The last time we saw Maul, Obi-Wan struck him down in the Tatooine sands during Star Wars: Rebels. However, this was much later than when Kenobi takes place, and Rebels is official Star Wars canon. That means that we could very well see Maul on the hunt for Obi-Wan before this season is over. My guess is that he will be teased at some point since Season One appears to focus more on the Kenobi-Anakin feud. The real treat would be a Darth Vader/Darth Maul lightsaber duel, but I wouldn’t get my hopes up just yet.

On that note, let’s take a look at those hot villain keys that could use a second look before Obi-Wan wraps his first season.


Love him or hate him, there’s one thing George Lucas is good at, and that is creating cool villains. Darth Vader, Boba Fett, Emperor Palpatine, and Maul stole the shows in their respective movies. He does have a tendency to throw away the best characters far too haphazardly, but thanks to the many spinoffs, Boba Fett and Maul are back from the dead.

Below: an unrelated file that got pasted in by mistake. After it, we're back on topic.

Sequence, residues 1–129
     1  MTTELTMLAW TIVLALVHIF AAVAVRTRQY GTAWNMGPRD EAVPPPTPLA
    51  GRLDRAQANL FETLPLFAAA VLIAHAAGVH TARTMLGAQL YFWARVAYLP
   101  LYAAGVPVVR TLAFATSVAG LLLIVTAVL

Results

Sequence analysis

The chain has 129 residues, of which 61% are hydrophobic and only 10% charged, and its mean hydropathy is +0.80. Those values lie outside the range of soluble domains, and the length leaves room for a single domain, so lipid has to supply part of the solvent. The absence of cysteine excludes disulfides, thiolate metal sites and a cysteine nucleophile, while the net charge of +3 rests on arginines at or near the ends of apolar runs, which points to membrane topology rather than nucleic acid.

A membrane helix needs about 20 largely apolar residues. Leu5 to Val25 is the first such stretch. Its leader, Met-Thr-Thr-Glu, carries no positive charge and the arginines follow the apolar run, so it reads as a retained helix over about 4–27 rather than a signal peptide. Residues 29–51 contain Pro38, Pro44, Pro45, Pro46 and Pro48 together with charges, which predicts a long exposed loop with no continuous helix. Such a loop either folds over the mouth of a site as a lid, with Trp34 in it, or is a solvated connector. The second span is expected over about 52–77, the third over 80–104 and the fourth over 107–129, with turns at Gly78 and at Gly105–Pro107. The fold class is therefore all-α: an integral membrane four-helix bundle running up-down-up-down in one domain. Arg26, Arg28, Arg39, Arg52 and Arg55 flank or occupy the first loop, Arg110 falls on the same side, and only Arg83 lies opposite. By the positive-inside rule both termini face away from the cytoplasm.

When it comes to comics, Maul was first seen in the Phantom Menace adaptation. You can find preview sketches of him in The Phantom Menace #½, but he didn’t make his actual in-story debut until the first comic. An argument can be made for the trade paperback, which was released in its entirety on the same day as the single issue. 

In April, the graded 9.8 hit a record high of $370. That is a tad suspicious, considering it had never sold above $150 before then, and that price was achieved in January. We will have to wait and see if $370 is the new trend or an outlier.